SOUTH OGDEN — Lindsay Hassell’s life has been dedicated to sports and fitness.
A native of Mountain Green and resident of Farr West, Hassell was a wrestling state champion at Morgan High School and played college football at Dixie State and Utah State. He went on to play five years of professional arena football in Oklahoma and Arizona, then coach several more.
At 40 years old and still in impressive physical shape, one would never guess Hassell is at end-stage kidney failure.
At 18, Hassell was diagnosed with IgA nephropathy, or Berger’s Disease, a diagnosis that meant he’d eventually need a kidney transplant. According to Mayo Clinic, Berger’s Disease occurs when an antibody called immunoglobulin-A lodges in the kidneys, hampering their ability to filter blood.
“We brought (crossfit) here to the Ogden Athletic Club with the purpose of trying to share the knowledge that I had to learn through a lot of years of trial and error ... and show kids the right way and show adults there’s a faster way to do it. There’s a funner way to do it,” Hassell said.
But with stage-5 kidney failure, Hassell needs a kidney transplant and crossfit will have to wait.
Luckily, his wife, Julie, volunteered as a live donor and was a rare match — sparing Hassell from a years-long wait by joining about 93,000 others on the kidney transplant waiting list.
Instead of years, the transplant happens in days. The Hassells will undergo the procedure on Thursday, June 29.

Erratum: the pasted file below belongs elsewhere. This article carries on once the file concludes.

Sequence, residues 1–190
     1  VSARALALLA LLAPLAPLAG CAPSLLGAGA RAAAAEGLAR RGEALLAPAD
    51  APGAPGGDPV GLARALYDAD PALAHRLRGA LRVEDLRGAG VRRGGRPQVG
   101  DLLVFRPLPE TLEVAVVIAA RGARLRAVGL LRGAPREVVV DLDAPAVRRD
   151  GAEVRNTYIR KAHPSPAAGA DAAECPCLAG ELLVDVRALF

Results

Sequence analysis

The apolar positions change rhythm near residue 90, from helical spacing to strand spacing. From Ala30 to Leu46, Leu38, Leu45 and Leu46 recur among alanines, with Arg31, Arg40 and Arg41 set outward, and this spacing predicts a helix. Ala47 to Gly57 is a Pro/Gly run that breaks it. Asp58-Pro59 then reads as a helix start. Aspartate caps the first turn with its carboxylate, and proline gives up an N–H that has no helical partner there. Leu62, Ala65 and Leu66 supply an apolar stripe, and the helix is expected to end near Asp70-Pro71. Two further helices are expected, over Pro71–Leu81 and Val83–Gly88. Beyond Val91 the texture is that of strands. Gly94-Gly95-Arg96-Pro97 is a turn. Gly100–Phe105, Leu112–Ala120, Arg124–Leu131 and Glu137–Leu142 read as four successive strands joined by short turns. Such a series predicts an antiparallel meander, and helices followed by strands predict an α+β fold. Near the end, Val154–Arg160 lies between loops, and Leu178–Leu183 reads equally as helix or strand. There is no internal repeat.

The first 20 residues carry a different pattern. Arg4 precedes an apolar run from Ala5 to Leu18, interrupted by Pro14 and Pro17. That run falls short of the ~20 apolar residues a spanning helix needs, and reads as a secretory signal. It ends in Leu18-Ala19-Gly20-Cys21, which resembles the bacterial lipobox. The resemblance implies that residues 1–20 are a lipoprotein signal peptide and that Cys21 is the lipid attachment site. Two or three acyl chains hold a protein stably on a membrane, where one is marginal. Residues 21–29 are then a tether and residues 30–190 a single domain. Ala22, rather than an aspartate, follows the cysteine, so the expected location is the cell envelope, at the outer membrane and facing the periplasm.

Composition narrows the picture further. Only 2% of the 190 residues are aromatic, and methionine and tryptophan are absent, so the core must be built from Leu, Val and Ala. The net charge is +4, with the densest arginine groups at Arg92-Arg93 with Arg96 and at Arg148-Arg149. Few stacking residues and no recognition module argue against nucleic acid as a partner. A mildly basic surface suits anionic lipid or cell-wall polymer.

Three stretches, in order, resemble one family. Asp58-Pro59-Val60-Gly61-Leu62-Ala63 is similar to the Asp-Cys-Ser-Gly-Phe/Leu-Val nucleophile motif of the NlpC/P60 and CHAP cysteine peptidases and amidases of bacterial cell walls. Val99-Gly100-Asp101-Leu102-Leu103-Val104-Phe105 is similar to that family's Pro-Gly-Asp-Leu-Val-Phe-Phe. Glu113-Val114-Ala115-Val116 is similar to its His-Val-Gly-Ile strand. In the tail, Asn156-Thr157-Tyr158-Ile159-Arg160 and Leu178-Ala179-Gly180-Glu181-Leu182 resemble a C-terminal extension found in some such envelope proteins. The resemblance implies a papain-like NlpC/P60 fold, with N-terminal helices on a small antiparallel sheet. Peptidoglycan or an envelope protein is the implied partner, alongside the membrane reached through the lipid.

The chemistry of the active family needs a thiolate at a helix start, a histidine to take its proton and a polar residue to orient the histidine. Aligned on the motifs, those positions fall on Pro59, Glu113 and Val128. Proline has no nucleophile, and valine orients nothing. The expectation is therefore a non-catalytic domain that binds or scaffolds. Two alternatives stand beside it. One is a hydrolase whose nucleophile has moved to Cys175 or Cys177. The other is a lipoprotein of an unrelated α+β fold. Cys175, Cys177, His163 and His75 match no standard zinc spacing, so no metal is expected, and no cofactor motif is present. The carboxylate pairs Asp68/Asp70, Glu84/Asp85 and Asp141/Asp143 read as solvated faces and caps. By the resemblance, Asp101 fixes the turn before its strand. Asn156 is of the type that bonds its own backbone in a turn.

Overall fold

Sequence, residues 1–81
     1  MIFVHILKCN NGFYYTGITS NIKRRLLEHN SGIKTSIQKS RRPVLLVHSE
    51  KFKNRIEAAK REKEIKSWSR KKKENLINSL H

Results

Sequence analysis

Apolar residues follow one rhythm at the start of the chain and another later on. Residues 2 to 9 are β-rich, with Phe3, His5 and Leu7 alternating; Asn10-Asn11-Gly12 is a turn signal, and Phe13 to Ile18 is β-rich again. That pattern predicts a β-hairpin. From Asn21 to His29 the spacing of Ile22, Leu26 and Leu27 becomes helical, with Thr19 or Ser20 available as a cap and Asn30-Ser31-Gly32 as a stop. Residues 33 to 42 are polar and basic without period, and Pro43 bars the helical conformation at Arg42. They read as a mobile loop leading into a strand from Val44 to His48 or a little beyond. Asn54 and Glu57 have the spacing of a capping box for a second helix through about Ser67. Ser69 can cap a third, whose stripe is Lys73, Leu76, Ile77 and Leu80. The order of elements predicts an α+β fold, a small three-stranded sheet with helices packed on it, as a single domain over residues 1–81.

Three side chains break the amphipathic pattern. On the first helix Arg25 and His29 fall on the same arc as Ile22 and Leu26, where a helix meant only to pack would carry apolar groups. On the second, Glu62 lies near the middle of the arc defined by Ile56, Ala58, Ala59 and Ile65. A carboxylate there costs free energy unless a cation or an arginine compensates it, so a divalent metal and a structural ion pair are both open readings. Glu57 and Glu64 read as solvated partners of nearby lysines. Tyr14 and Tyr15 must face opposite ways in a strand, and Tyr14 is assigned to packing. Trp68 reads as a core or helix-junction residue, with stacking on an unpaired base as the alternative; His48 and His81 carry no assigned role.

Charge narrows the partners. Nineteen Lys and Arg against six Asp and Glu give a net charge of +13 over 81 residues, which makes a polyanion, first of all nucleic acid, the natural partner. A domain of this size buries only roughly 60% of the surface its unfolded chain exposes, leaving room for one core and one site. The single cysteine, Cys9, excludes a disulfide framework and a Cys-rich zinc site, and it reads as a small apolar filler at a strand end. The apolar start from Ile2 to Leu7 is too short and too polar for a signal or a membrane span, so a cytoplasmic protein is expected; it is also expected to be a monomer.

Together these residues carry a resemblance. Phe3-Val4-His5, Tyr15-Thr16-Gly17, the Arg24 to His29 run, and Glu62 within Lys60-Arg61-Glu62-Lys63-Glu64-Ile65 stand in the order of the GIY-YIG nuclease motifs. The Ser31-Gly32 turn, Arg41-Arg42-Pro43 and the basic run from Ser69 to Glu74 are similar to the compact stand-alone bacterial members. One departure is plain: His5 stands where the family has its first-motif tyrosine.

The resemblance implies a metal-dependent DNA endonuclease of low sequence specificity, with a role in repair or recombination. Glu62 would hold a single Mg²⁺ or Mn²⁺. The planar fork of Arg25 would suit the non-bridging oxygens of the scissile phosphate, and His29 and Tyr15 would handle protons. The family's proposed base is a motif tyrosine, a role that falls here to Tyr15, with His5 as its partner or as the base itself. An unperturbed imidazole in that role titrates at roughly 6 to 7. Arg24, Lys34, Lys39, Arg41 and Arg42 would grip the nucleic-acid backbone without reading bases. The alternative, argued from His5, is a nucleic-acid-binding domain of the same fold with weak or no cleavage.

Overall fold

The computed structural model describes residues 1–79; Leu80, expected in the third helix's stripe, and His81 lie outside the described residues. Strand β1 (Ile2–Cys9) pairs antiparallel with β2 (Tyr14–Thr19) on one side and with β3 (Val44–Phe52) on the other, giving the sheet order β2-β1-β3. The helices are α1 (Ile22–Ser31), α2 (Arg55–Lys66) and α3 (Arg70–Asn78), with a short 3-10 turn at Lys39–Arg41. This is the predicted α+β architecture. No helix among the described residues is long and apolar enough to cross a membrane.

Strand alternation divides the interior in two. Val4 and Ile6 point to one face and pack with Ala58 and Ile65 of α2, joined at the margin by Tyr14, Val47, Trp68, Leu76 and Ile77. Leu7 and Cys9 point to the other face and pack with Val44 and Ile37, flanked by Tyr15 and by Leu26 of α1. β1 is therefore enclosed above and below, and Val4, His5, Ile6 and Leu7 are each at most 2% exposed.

Hassell hopes people in his crossfit program can apply what they learn in his class to their personal lives, and uses his situation as an example.
“I worked really hard in the sports world and the way I worked hard to get there was through my training, and this is just another obstacle,” Hassell said.
“That’s the same as training. I’ve got a goal. I’ve got something on my mind, I’ve got to get to these steps to do it, and this is how I’m going to do it. Training relates to everything. It just teaches you a lot of things about work ethic, and work ethic is a great thing to have,” he said.
While crossfit certainly carries the stigma that it’s for gym rats and fitness freaks, Hassell carefully crafts exercises designed for each person in his class.
One of his students is South Ogden resident Scot Wahlquist, who was months away from permanently being in a wheel chair before he joined Hassell’s program nine years ago.
Wahlquist was born with cerebral palsy and the muscles in his lower body are constantly tightened. Over the years, that condition caused significant damage to his joints and back, but expensive physical therapy wasn’t an option.
“At the time, I was probably six months to a year away from being in wheelchair forever,” Wahlquist said. “Nine years ago, I met with Lindsay and I’m still here and still walking.”
Now, those Hassell has helped through the years are rallying to return the favor.
His friends have also planned a pair of fundraisers — the “Crossfit Summer Games” on Aug. 12 at the Ogden Athletic Club, and an Instagram auction on Aug. 19 at the account “KidneyforCoachLindsay.”
“This is a no-brainer to be able to help him any way that I could, because he’s extended the quality of life not only for me, but for my family,” Wahlquist said. “Any way that I can give back to him and make sure people know what he’s done for me, I’m happy to be able to do that.”
A post on the athletic club’s website says, “Money donated to Lindsay and Julie will go towards any bills, expenses, needs of the family, as well as long-term medication, and loss of income due to recovery time.”
Hassell said he doesn’t like to be the center of attention, but he appreciates support from people with whom he has lasting friendships.
“These guys are the best. I’ve met some really good people. I’ve met one of my best friends and some of the best people I’ve ever worked with,” Hassell said.
“They’re just good people, that’s all I can say. I can’t thank them enough for how good they are.”